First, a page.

Although in the short-term the beefed-up UNIFIL has brought relative stability in south Lebanon, the mission lacks the broader vision that could contribute to a roadmap to UNIFIL’s eventual exit after 38 years. “UNIFIL’s main accomplishment was its role as a conflict control mechanism (which allowed) the people of south Lebanon to return to their homes,” says Timur Goksel, former senior adviser and spokesperson for UNIFIL. This may appear like a minor accomplishment for a mission that was established in 1978 and which had an initial mandate to restore international peace and security. Indeed, over the past 38 years hopes for a peaceful resolution to the animosities between all of the belligerents have continuously been marred by regular violations of the Blue Line.
However, while the end of hostilities in south Lebanon may still seem a long way off, the fact that “homes, towns, villages have successfully all been repaired” in southern Lebanon, as Mr Goksel indicates, is considered a great achievement on its own. Doubts may exist as to whether UNIFIL could handle a full escalation of hostilities, “but the situation would be significantly worse for the local population if (UNIFIL) was not there”, says an anonymous member of the French armed forces who has supported UNIFIL.
Imagine a Blue Line
Since 2006, the ceasefire has held, and a semblance of stability has returned to the area. This, according to Mr. Goksel, is in no small part due to the presence of a UNIFIL force now including 10497 troops, which keeps belligerents from escalating hostilities “out of respect for the UN”. According to the UN, at present a total of 10497 personnel support the mission, from 40 Troop Contributing Countries (TCCs). Mr. Andrea Tenenti, spokesperson and officer in charge of public information for UNIFIL, explains that the mission on the ground is organised into two sectors: the Western sector, which is under the command of the Spanish contingent; and the Eastern sector, which is under the command of the Italian contingent. Additionally, within the framework of UNIFIL’s extended mandate under Council Resolution 1701 (see above), it was decided to establish a Force Commander Reserve (FCR), which is made up of 850 French soldiers. The FCR is deployed in both sectors and its purpose is to provide a rapid response force throughout southern Lebanon.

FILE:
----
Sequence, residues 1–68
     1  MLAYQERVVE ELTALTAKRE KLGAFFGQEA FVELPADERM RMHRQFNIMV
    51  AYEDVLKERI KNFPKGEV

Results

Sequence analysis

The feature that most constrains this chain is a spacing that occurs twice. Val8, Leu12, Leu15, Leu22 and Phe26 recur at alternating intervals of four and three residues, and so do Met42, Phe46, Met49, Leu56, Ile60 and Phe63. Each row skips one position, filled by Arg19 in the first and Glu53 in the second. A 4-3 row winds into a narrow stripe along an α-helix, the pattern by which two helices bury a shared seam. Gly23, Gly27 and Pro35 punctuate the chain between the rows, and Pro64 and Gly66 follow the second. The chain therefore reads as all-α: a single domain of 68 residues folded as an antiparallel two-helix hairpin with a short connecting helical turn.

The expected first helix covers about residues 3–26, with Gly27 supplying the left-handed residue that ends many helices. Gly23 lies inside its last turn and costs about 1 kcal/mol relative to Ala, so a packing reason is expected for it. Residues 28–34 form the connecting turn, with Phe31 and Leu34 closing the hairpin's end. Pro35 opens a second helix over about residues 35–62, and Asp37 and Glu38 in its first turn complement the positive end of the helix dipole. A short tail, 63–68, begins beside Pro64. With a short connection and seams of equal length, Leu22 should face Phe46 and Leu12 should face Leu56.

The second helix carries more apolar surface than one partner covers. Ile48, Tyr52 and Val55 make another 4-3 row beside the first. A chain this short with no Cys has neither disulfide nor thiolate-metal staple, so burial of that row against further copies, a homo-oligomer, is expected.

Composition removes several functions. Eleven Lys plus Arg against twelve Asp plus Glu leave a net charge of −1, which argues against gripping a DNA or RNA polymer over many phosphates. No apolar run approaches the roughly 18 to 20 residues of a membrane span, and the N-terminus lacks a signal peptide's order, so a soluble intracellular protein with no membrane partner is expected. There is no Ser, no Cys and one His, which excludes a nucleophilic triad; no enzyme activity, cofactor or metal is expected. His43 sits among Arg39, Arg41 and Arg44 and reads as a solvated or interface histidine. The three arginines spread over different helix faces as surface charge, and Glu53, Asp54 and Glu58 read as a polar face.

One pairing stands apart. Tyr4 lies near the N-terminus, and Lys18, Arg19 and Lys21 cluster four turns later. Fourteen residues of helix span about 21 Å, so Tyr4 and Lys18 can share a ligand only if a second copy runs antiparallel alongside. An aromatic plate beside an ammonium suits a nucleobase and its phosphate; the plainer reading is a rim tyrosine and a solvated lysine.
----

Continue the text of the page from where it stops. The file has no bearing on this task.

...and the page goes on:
The Italian contingent is deployed under Operazione LEONTE (Operation LEONTE) and contributes approximately 1100 troops to the mission, according to the Italian Ministry of Defence (MoD), with its headquarters located in Shama (sector West). It has a manoeuvre task force called ITALBATT, which contributes to the patrolling of the Blue Line with its Iveco VTLM Lince four-wheel drive tactical vehicles and Centauro infantry fighting vehicles/tank destroyers. The VTLM Lince four-wheel drive has modular armour which can protect the vehicle against ballistic and mine threats. The Centauro provides protection against 12.7mm ammunition and shell fragments, and an enhanced armour protection over the frontal arc providing protection against 20mm ammunition. The Spanish contingent participates in UNIFIL under Operación LIBRE HIDALGO (Operation FREE HIDALGO) and has contributed between 600 and 700 troops to the mission since 2012, according to the Spanish MoD, with headquarters located in Marjayún, in the eastern UNIFIL sector. According to local sources, Spain also contributes VTLM Lince as well as UROVESA VAMTAC four-wheel drive vehicles.
The exact number of the vehicles being used in Lebanon by Italy and Spain is, however, unknown.
The French contingent contributes to the FCR through Opération DAMAN (Operation DAMAN). It is supported in its mission by 16 Nexter VBCI infantry fighting vehicles and 47 Panhard VBL four-wheel drive tactical vehicles, plus 35 Nexter VAB armoured personnel carriers. The VBCI is equipped with a one-man Nexter Dragar turret (which can also be carried by the VAB), equipped with a dual feed M811 25mm cannon and a coaxial 7.62mm machine gun. The VBL is equipped with a PL127 turret, mounting a 12.7mm heavy machine gun that can be replaced with a 40mm grenade launcher if needed.
The French army also makes contributions to UNIFIL outside the FCR in the form of two Thales Samantha surface-to-air missile fire control systems which use Thales’ TRS-2630 S-band (2.3-2.5/2.7-3.7 Gigahertz/GHz) ground-based air surveillance radars and one MBDA Mistral short-range Surface-to-Air Missile (SAM) system. Additional platforms which have been deployed to support France’s UNIFIL contribution include the Euro-Art COBRA C-band (5.25-5.925GHz) weapons locating radar, GIAT/Nexter AMX-10P tracked armoured personnel carriers, Nexter CAESAR Self-Propelled Howitzers (SPHs), GIAT/Nexter Leclerc-Series 2/Series II main battle tanks and GIAT/Nexter GCT-AUF2 155mm SPHs.